Sandy is 25 and just started teaching at a new school. She has had peanut allergy, allergic rhinitis (hayfever) and asthma since childhood. She hasn't had a reaction to a food in years. She always carries her epinephrine autoinjector. However, for the last few years she has had episodes of abdominal pain sometimes with vomiting that last a few days. She hasn't been able to pinpoint a food that causes these episodes. A few months ago she had an episode of severe swelling of her tongue without any itching and she had not eaten anything unusual. She took her epinephrine autoinjector and went to the ER. Despite steroids and antihistamines the swelling persisted and took 3 days to disappear. She was referred to an allergist/immunologist who found she had both low C4 level and a low CI inhibitor level. She was diagnosed as having Hereditary Angioedema Type 1 in addition to her other problems.
Hereditary angioedema (HAE) is a rare genetic disorder occurring in 1:10 000 to 1:50 000 people characterized by episodes of swelling in different areas of the body including the skin, respiratory tract and the mucosal surface of the gastrointestinal tract. It affects men and women equally and patients often don't present with symptoms until adolescence or even later in life even though they are born with the condition. While allergic rhinitis affects 1 in 3 Canadians, asthma 1in 9 and peanut allergy 1.5 in 100, hereditary angioedema is very rare.
In hereditary angioedema, swelling of the skin occurs mainly in the face although the extremities and genitals are also often affected. In many cases, patients experience swelling and tightness of the skin or a tingling sensation, and in some cases pain, but it is usually not described as itchy. The swelling is due to unregulated production of bradykinin which causes a deep tissue swelling. These episodes can be brought on by minor injury, surgery, allergic reactions and on some occasions with no obvious precipitating cause. Abdominal pain from intestinal swelling is usually the most common type of swelling for patients.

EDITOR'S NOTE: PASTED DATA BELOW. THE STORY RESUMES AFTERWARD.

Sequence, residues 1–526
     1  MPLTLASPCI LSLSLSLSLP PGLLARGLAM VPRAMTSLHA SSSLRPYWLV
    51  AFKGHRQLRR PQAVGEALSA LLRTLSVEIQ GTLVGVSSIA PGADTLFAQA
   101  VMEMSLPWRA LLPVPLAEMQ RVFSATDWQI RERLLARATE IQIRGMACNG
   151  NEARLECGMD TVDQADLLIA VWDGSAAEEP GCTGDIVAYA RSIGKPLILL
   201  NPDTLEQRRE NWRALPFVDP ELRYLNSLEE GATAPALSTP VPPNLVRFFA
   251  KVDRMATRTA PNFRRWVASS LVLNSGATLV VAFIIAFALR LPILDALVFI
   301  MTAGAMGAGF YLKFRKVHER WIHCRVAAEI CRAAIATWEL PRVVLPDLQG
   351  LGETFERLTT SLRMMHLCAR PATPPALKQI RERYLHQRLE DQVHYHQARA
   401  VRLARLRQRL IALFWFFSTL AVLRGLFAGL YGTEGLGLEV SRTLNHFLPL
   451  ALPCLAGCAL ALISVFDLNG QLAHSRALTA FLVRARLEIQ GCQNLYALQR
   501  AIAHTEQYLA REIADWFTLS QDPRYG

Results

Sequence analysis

Swelling of the mucous membranes of the larynx, throat or tongue is potentially life-threatening, and can cause death. Symptoms that are felt just before an attack in the throat may include trouble swallowing, a hoarse voice, a swollen tongue, cough, or shortness of breath. Patients who experience these symptoms should seek emergency attention immediately. More than half of HAE patients will have at least one laryngeal swelling edema in their life.
The development of angioedema does not follow a typical pattern and therefore the site of the next episode of swelling cannot be predicted. The frequency, duration and severity of the edema vary considerably. About 1 in 3 patients experience more than one 1 attack per month; about 40% have about 6-11 attacks per year and the remaining 22% only suffer attacks infrequently from time to time. In most cases, the symptoms of HAE increase over 12 to 36 h and last for 2-5 days before resolving. However, some patients may experience attacks that last over 7 days. Some patients have such frequent attacks it is difficult for them to attend school or work.
Most HAE attacks occur spontaneously, but patients can often link specific situations that occur in their lives, such as stress, infections, surgey, trauma or allergic reactions, to the development of angioedema.
Under normal conditions, C1inhibitor regulates the body's production of bradykinin, a protein that acts locally to cause swelling in response to an injury or infection. If the C1 inhibitor level is too low or doesn't function properly, bradykinin is formed resulting in local swelling or angioedema.
Drugs that lower blood pressure (ACE inhibitors) can mimic hereditary angioedema. ACE inhibitors prevent bradykinin from being broken down once it is formed. They can also make any allergic reaction more severe in the same way. If someone has swelling on an ACE inhibitor an alternate drug should be found. If there is a history of anaphylaxis ACE inhibitors should be avoided.